Early drew inspiration for the design from the surrounding neighborhood, and key moments in Tempe’s history. “I talked with neighbors about what makes their community special,” Early said. “Then I talked to people at the Tempe History Museum, and I tried to make the mural almost a timeline.”
The mural covers two walls joined at a corner near the railroad tracks on College Avenue. The walls are more than eight feet tall, with a combined length of nearly 400 feet. The shorter wall, which runs parallel with College Avenue, depicts contemporary Tempe – complete with cyclist and skateboarder.
The longer portion of the mural, which parallels the railroad tracks, features several vignettes of Tempe’s past. It shows people of color picking cotton and doing brickwork. It’s got Tempe landmarks like “A” Mountain and the Hayden Flour Mill. And it features an assortment of animals and plants, including a rooster and saguaro cactus.
“We’re thrilled to have it in our public-art collection,” said Rebecca Blume Rothman, director of Tempe Public Art. “We’re super-excited to have this near the park, where it adds a whole new dimension to the space.”
In recent years, he’s created temporary public art along Main Street in Mesa, and exhibited his work at venues including Practical Art, and The Gallery at Tempe Center for the Arts.
This is Early’s first mural for Tempe Public Art.
Although Tempe has a robust public-art program, this is only the second mural the city has commissioned. The first was Laura Lee’s Don’t Wake the Dreamer, painted at Jaycee Park in 2015.
It remains to be seen whether Tempe Public Art will commission more of these large-scale works.
“There are no current plans for another wall mural at this time, but that doesn’t mean there never will be," Rothman said.
Tempe put out the call for art in early 2015, expecting the chosen artist would paint the piece between April and June for a budget of up to $25,000. Early responded to the call, and got invited to show his proposal to a group of community members.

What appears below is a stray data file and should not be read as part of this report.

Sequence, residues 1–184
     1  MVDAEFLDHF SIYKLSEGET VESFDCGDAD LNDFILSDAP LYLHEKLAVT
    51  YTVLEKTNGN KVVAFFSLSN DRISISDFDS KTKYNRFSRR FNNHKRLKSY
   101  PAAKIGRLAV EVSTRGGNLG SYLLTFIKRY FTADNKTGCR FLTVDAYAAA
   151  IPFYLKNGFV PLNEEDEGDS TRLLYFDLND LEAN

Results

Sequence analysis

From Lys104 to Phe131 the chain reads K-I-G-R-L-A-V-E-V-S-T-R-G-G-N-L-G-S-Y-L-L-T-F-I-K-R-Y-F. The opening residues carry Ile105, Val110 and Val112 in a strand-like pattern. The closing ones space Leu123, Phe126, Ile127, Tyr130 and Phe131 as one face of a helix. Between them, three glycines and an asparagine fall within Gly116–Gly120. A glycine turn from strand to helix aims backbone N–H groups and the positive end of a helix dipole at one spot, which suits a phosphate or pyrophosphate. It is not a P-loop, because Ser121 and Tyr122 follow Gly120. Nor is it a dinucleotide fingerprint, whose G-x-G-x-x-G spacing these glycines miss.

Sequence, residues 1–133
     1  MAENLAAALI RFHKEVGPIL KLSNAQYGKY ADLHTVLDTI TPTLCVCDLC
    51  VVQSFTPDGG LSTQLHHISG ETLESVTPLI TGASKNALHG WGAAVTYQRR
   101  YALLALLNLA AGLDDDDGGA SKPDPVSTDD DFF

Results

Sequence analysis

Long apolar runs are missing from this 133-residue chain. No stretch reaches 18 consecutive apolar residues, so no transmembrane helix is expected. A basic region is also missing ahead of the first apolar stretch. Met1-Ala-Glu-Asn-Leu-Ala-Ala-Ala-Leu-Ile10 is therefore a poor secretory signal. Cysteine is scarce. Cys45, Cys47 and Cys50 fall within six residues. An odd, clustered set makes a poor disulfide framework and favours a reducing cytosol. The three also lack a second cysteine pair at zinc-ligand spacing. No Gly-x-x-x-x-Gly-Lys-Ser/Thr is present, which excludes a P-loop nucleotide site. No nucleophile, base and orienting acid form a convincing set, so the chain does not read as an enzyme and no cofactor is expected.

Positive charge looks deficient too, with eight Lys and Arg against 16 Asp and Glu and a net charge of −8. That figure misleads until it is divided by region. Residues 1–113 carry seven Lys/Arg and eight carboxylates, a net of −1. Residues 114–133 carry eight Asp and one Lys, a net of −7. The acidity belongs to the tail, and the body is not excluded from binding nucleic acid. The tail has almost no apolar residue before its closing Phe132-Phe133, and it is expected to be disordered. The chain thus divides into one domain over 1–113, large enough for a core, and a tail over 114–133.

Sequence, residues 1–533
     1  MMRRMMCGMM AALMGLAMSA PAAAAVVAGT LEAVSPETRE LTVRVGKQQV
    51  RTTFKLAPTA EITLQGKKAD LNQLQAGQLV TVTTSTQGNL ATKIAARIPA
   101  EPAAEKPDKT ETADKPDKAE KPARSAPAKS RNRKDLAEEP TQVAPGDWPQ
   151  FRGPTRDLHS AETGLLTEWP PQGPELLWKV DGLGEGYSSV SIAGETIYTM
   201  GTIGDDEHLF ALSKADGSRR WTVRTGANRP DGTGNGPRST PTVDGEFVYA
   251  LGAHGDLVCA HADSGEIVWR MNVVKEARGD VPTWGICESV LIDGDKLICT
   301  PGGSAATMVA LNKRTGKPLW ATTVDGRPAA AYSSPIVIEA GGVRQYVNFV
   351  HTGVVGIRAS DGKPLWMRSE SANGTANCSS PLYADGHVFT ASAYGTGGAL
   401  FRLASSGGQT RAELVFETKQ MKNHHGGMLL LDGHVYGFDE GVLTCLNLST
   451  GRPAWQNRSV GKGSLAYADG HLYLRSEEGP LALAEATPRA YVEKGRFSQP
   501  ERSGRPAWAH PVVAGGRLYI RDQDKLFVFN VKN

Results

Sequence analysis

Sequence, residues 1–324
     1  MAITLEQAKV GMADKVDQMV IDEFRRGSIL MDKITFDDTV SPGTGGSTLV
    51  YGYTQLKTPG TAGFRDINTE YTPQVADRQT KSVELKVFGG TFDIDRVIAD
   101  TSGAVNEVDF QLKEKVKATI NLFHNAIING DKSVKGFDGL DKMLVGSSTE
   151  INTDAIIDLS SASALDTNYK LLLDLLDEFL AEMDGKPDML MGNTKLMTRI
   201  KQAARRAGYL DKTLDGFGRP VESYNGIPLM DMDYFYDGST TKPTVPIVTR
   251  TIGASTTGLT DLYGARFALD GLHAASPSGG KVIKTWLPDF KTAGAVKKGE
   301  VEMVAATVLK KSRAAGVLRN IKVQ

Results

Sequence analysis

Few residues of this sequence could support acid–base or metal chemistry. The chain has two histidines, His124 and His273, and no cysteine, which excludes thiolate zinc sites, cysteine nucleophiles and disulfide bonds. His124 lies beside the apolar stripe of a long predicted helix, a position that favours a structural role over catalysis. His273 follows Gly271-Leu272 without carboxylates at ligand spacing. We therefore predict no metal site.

“It was really clear, really fast, that they were proud of their neighborhood,” Early said. “I tried to show a visual history of the neighborhood changing over time, through things like farming and water.”
He started painting in early December 2017, but had to stop for eight weeks after breaking his arm in mid-December. Early resumed painting in mid-February, and finished the mural on Wednesday, April 25.
Early figures he painted 20 to 40 hours a week, for 12 weeks. Do the math, and it’s clear that just the painting process took at least 240 hours. “I used about 15 gallons just for the base coat, and probably 200 paint cans,” he said. The base color is green, which reflects the prevalence of trees and plants in that part of Tempe.
He’s hoping to paint more murals, but he’s also thinking about the big picture.
“The exciting thing is that Tempe is supporting public art, which adds so much character to neighborhoods and makes them even more special,” he said. “Any time you put art in public spaces for anybody to see any time, it’s pretty fantastic.”